“I apologize that this letter is so long. I did not have the time to make it short”
— BLAISE PASCAL
Good writers know that lean, vibrant language is almost always preferable to verbose, rambling writing. There is virtually no writing in the world so good that it can’t be made better by making it shorter. There are exceptions, of course – a contract needs to cover every possible potentiality, as does the text of an international treaty, but these documents are not really meant to be read, they’re meant to be enacted.
When you send email, though, you most definitely mean for it to be read. By a person, even. With everyone’s inboxes bulging at the seams with unwanted come-ons, weekly newsletters, Amazon notices telling them about the latest product that people who bought whatever they bought also bought, status updates, listserv posts, and who knows what else, you face an awful lot of competition in your recipient’s inbox for their attention.Getting read is no small feat in and of itself; getting your reader to take action even a greater accomplishment.
Writing well is one key – good prose is engaging and persuasive, no matter what the aim. And writing concisely is a big part of writing well. But writing concisely offers benefits on its own – the short email, particularly the email whose contents fit into the preview pane without any scrolling, has a much higher chance of gaining a reader’s attention than one that starts off with three pages about trivia.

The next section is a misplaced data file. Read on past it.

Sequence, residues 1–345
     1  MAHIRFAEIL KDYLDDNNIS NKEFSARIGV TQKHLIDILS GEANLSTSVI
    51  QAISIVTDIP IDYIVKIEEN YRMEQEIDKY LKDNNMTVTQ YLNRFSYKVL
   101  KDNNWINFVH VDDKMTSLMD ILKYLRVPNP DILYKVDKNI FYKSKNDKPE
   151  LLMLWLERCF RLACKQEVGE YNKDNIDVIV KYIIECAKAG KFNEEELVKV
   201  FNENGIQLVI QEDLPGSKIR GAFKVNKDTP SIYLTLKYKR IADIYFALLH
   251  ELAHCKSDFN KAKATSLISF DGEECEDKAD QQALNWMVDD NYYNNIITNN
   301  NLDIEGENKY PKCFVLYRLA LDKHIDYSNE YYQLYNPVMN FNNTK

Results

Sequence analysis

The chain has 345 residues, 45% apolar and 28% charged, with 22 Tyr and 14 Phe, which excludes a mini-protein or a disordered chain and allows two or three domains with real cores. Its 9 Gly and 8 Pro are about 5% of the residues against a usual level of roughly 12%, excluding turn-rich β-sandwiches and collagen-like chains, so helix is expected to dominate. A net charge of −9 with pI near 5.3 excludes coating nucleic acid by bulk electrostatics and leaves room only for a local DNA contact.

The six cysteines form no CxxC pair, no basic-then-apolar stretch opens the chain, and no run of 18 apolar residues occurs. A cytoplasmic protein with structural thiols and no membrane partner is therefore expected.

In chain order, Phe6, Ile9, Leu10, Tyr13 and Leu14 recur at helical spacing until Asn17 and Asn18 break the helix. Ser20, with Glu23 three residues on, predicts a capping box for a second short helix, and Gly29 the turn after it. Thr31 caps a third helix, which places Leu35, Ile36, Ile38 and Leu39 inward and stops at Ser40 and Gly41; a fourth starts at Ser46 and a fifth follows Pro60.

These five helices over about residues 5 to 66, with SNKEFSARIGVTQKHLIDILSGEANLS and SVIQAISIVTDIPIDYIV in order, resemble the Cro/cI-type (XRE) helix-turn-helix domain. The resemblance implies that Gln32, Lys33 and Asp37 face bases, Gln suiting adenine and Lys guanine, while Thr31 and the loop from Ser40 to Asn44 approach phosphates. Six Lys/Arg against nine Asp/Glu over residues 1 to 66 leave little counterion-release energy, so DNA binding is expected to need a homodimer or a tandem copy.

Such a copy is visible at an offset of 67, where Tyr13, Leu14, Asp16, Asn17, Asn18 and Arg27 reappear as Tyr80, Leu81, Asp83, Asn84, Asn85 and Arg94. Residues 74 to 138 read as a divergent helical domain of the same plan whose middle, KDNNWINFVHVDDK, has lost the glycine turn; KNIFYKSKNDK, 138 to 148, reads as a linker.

This is what Mike Davidson figured out – if his recipients were half as slammed as he was, he figured they could use some relief from long-winded emails that ramble on and on in the guise of pleasantries. Instead, he committed himself to writing emails that were five sentences or less, every single time. To explain his decision, and to encourage others to follow suit, he created the site five.sentenc.es, which explains:
E-mail takes too long to respond to, resulting in continuous inbox overflow for those who receive a lot of it.
Treat all email responses like SMS text messages, using a set number of letters per response. Since it’s too hard to count letters, we count sentences instead.
five.sentenc.es is a personal policy that all email responses regardless of recipient or subject will be five sentences or less. It’s that simple.
You add the link to your email signature, dash off your five-sentence response, and let your recipient know that you are looking out for his or her time. (For the really daring, Davidson set up domains with even fewer sentences, down to two.sentence.es.)
That’s all well and good, of course, but how can you make sure you say what you need to say if you limit yourself to five sentences? (Or even if you make the less-radical commitment to just write as short an email as possible?) You don’t want to leave anything out, right?
Unfortunately, concision isn’t really taught or, to be honest, valued sufficiently. The huge novel is seen as more significant than the slim novella, the fat envelope more important than the thin one, the 10-page essay as more A-worthy than the 5-page essay. Teachers actually encourage wordiness, giving students instructions to write papers “at least” 500 words long, or 6 pages, instead of encouraging the shortest possible length in which you can fully express your thoughts.
Fortunately, super-entrepreneur Guy Kawasaki has offered a good guide to the five-sentence email (scroll down to point #9). He says,